This issue of the "Planet" is filled with news about DAISY activities and developments. More and more inquiries about DAISY and the DAISY Consortium reach us every day. Interest is growing everywhere.
Questions about the Microsoft plug-in "Save As DAISY XML" have also been pouring in. Read our first Feature Article to find out how you can get ready for the launch. Information is also available in the Microsoft "Save As DAISY XML" project area of our Web site. Visit the News on our home page for the most recent announcements.
You will also find the second of our two-part "Your Stories" from Tom Dinning, an education advisor in Australia's Northern Territory, in this issue. Please take a minute to read it as it really is a great "story".
The Consortium sends special congratulations to Monthian Buntan who has just this week been elected to the Senate in Thailand. Mr. Buntan is a powerful advocate and is sure to have a positive impact on national policy for the people of Thailand.
The December Quiz Question was: What was the name of the person who developed the "night writing" code?
The answer is Charles Barbier, and 75% of those who took the quiz had the correct answer. That was not an easy question, some of you must have done some serious Internet searching to find the answer.
With the launch of "Save As DAISY XML" just around the corner, this month"s quiz focuses on what this really means. If you are unsure, read the first Feature Article in the November DAISY Planet.
Be sure to read next month's issue of
The DAISY Planet
for the answer.
The following links are to new or recently updated DAISY Products and Services from our Members and Friends. Marketplace entries also appear on our home page.
The following links are to announcements of recently updated DAISY Products and Services from our Members and Friends. Marketplace entries also appear on our home page.
Tom Dinning (education advisor in rural Australia):
"The entire class wants DAISY books"
If the avalanche of questions resulting from the announcement of the DAISY Consortium/Microsoft collaboration is any indication, we should be preparing ourselves for the upcoming release of "Save As DAISY XML".
DAISY Members and Friends, everyone in the DAISY community, and everyone who believes that DAISY is the "Best Way to Read and Publish" can:
For the first time in the history of accessible content creation there will be a freely available tool that will allow many, many millions of people (perhaps that's billions of people) to create the "raw material" that can then be used to produce DAISY content: books, magazines, journals, letters, etc.
We know of a small number of tools which have been developed by Friends of the DAISY Consortium that already have this capability built in. If you have a product that will transform DAISY XML to a full DAISY book file set (not necessarily including audio) please get in touch with us using the DAISY Contact Us Form ("Other" category).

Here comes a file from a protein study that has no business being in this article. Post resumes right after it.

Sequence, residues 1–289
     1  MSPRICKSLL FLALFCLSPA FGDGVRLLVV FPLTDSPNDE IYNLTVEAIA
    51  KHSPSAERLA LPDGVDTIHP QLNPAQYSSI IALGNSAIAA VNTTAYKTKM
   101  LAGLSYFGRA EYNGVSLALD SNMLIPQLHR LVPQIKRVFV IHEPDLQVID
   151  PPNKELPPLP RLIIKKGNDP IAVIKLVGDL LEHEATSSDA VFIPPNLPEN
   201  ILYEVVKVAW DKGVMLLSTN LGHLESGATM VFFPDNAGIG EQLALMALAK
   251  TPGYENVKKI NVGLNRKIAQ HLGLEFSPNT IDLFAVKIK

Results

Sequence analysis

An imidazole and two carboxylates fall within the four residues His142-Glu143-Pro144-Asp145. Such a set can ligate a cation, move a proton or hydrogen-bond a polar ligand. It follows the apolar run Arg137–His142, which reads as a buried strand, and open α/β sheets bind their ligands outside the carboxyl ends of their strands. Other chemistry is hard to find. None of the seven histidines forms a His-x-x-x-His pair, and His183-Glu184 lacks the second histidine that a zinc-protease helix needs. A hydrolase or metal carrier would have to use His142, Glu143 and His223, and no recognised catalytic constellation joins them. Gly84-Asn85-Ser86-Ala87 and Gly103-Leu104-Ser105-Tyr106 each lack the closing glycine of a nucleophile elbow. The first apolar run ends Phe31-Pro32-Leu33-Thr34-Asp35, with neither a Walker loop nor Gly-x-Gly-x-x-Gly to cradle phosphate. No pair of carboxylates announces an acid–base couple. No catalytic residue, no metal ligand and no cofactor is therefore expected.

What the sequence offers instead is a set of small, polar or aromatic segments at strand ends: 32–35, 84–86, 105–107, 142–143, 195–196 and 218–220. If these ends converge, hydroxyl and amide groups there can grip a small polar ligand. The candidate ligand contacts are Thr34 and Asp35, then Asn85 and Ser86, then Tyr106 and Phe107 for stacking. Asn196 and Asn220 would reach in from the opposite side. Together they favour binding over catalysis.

An official report to the French Minister of Higher Education and Research recommends the DAISY 3 (ANSI/DAISY Z39.86) Standard as the required format from publishers for educational materials. It is available online in French.
The specific reference on page 45 is as follows: "Le Ministère devrait obliger les éditeurs de manuels scolaires et universitaires à fournir, à la demande, des versions numériques de leurs ouvrages au format standard XML NISO/DAISY Z39.86..." Roughly translated into English: "The Ministry should oblige the publishers of textbooks to provide, upon request, the digital versions their works in the standard format XML NISO/DAISY Z39.86..."
The province of Ontario in Canada is also working towards standardizing the format for accessible textbooks. The DAISY 3 Standard is one of the standards being promoted and given serious consideration.
Monthian Buntan, newly elected Senator in Thailand, is promoting DAISY as the standard for electronic content in the Thailand Parliament.
Since the January issue of the DAISY Planet there have been a number of exciting events that have featured DAISY and what is going on in the DAISY 'world'.
DAISY was one of the 'headliners' at this conference held January 28 in Paris France. Several presentations shed light on DAISY activities and projects. Of particular note is the presentation given by Markus Gylling. Bernard Ourghanlia from Microsoft gave a presentation in which he announced the beta release of Save As DAISY XML. Emilia Persoon from Dedicon gave a plenary presentation on hybrid books in education, based on the DAISY Standard, and also led a workshop on the gh player. Lisa Friendly from Benetech also referenced the DAISY Standard in a plenary session and in her workshop.
And, last but far from least, Catherine Desbuquois from BrailleNet reminded the conference participants that the DAISY Standard is a basis for BrailleNet's Server Helene Architecture. For those interested in finding out more about this conference, the proceedings of the eAccessibility Forum are available online. Most of the papers are provided in English and French, however some are in one language only.
"Collaboration" was the theme for DAISY at this year's ATIA Conference held January 27 to February 2. The DAISY staff team met with current and prospective DAISY Members and Friends to discuss DAISY open-source tools, DAISY developments, and requirements for the next DAISY Standard. The DAISY open-source development session was well attended, with a good deal of developer and mainstream interest. All groups are closely following the current Microsoft Save As DAISY XML developments.